Pakistan's Opposition Criticizes Plan to Hold Elections Under Emergency Rule

Pakistan's opposition called on President Gen. Pervez Musharraf to lift a state of emergency, saying Monday that upcoming parliamentary elections would be a sham unless citizens' rights were fully restored. Several parties were mulling a boycott.

Former Prime Minister Benazir Bhutto, meanwhile, prepared to launch a cross-country caravan to protest military rule. Police ramped up security for her, saying they had received intelligence that a suicide bomber was planning to attack her in the eastern city of Lahore.

Bhutto was targeted in an Oct. 18 suicide attack during her homecoming from exile. The attack in the southern city of Karachi killed 145 other people.

On Sunday, Musharraf said he would stick to a January schedule for the polls but set no time limit on emergency rule, which has resulted in the arrests of thousands of his critics, a ban on rallies and the blacking out of independent TV networks.

The measures, he argued, were necessary to ensure "absolutely fair and transparent elections" and to step up the fight against Islamic militants threatening Pakistan.

Bhutto welcomed his Jan. 9 cut-off date for the vote but said campaigning would be "difficult."

Other opposition parties were more strident.

Raja Zafarul Haq, chairman of former Prime Minister Nawaz Sharif's party, demanded restoration of the constitution which was suspended under the emergency, reinstatement of top judges purged by Musharraf and the release of detainees — as well as Sharif's return from exile.

"Under the current circumstances it is very difficult to expect there would be fair elections in the country," he told Associated Press Television News. "Within the next week there will be meetings and we will finally decide whether to go for elections or agitation."

Liaqat Baloch, secretary general of Pakistan's most popular Islamic party, Jamaat-e-Islami, said they were strongly considering boycotting the elections. "If there is an emergency and no constitution, it is impossible to have free and fair elections," he told The Associated Press.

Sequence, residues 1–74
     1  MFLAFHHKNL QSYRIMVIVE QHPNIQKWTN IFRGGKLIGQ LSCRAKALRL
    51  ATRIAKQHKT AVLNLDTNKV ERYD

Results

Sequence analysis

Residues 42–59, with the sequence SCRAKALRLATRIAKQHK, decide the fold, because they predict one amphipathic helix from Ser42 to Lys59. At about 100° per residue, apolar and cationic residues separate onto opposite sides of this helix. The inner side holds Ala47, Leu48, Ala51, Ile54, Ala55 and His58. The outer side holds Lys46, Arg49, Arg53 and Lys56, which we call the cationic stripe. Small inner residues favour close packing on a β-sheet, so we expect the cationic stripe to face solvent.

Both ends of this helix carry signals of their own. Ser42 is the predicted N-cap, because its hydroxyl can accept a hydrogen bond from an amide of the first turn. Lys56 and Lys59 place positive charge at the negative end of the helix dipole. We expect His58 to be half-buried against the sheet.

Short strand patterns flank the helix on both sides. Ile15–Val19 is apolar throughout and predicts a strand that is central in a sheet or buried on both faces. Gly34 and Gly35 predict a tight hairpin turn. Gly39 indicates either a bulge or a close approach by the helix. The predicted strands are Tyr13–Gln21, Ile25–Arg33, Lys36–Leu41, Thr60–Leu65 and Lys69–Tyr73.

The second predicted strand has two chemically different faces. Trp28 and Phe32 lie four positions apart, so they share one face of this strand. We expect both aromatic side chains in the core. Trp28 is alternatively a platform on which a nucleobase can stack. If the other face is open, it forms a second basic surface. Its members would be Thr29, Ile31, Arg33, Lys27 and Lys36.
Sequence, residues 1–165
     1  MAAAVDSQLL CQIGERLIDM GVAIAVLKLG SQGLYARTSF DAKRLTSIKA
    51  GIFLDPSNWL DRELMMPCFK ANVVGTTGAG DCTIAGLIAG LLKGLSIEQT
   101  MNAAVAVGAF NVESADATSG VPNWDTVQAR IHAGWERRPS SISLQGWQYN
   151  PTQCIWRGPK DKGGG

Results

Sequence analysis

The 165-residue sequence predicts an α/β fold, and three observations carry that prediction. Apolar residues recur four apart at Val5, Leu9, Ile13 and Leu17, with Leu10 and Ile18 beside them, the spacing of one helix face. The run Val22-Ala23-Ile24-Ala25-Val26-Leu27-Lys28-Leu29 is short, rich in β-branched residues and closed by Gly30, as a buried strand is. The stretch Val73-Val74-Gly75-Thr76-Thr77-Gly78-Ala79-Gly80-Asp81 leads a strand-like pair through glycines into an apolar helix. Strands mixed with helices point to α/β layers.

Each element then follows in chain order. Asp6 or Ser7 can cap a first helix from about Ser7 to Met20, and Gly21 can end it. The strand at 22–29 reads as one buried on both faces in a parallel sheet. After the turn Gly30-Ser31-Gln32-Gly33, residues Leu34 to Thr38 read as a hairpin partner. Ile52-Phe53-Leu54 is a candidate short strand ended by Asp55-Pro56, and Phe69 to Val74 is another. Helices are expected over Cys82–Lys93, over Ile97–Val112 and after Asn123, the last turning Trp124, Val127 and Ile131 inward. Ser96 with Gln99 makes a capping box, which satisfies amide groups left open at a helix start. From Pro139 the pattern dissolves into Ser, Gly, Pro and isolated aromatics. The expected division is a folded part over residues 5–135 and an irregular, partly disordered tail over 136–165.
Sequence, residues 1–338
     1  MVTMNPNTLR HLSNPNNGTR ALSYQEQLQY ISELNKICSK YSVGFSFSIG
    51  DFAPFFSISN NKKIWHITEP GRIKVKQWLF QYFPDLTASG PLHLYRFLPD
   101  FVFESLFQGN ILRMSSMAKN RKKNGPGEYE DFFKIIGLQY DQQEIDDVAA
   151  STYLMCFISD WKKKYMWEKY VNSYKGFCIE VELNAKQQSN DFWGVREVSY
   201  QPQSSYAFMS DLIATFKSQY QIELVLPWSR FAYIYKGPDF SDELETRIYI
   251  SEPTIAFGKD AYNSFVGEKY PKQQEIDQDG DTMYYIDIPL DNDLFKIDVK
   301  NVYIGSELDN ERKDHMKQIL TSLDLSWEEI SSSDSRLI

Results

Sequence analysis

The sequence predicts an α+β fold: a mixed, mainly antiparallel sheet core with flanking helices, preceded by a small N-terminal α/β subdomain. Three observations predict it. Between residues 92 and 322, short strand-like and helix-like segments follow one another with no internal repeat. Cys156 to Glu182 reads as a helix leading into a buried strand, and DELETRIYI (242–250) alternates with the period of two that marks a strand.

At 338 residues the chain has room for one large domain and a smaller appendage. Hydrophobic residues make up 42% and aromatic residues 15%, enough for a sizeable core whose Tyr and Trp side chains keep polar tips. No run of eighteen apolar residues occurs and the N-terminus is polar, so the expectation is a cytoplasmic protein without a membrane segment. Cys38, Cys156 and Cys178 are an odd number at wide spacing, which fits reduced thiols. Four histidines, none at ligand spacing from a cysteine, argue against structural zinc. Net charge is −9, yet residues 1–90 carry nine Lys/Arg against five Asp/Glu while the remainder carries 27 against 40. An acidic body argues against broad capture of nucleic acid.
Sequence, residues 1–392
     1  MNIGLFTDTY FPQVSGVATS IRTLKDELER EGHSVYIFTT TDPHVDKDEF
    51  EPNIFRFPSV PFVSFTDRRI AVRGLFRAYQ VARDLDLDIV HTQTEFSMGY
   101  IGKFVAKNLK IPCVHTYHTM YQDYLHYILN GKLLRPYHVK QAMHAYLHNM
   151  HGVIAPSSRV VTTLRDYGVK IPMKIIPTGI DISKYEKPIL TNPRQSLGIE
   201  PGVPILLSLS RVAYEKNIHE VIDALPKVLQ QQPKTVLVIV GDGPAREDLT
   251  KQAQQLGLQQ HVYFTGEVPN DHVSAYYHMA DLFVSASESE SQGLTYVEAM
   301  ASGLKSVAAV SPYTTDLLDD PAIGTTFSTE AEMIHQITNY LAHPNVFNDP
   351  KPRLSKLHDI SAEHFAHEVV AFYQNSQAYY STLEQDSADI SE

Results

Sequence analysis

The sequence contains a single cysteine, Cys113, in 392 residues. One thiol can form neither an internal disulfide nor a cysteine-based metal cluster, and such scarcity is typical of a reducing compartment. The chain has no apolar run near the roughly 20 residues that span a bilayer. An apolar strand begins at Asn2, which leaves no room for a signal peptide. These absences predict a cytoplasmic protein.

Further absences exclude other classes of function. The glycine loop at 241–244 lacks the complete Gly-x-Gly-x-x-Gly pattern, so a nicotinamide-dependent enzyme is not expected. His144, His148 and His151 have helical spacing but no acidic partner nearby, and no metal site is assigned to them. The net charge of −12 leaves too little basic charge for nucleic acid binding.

In Lahore, about 200 police were guarding the house where Bhutto was staying, with snipers on surrounding rooftops, ahead of her planned 185-mile protest caravan to Islamabad. The access road was blocked by steel barricades.

When she ventured outside into the city, dozens of police vehicles escorted her.

The rally, due to start on Tuesday, is intended to pressure Musharraf to end the emergency and give up his position as army chief. Thousands of Bhutto's supporters are expected to join her on the journey, likely to take about three days.

Ayaz Salim, a top police official, said police had stepped up security after receiving intelligence that a suicide bomber planning to kill Bhutto was staying in a Lahore hotel. He said police searched all the city's hotels but did not find the suspect.

Farzana Raja, a spokesman for Bhutto's Pakistan People's Party, or PPP, vowed its supporters would fight any attempt by authorities to block her "freedom march" — which would appear to violate the current ban on rallies.

"If police try to stop us, in every town and district of Punjab, there will be a battlefield between PPP activists and police," he said.

Speaking Sunday, Musharraf appeared defiant but bitter at growing criticism of his decision to suspend the constitution just over a week ago, a step he says was necessary to combat rising Islamic militancy that had sown "turmoil, shock and confusion" in Pakistan.

His defense was unlikely to dispel the notion shared by many in Pakistan that the emergency — launched ahead of a Supreme Court ruling that could have nixed his plans to serve another five-year term — was motivated by his own determination to stay in power.

Adding to their concerns was an announcement by the attorney-general Sunday that military courts could now try civilians on charges ranging from treason to inciting public unrest. That could, in theory, include those who organize protests against Musharraf's military-led government.

The United States and other Western allies have urged Musharraf to hold crucial parliamentary polls on schedule, and said they were pleased at news they would not be delayed. Earlier, the government said the vote could be pushed back by up to a year.

Secretary of State Condoleezza Rice expressed concern that Musharraf — considered a close U.S. ally in the war on terror — had not set a time limit for restoring citizens' rights.

"It's not a perfect situation," she said.

Two Democratic presidential hopefuls were more forceful.

Joe Biden, chairman of the Senate Foreign Relations Committee, said elections would be a "sham" without an end to the state of emergency. His rival, Bill Richardson, U.N. ambassador in the Clinton administration, said "you can't have democracy halfway."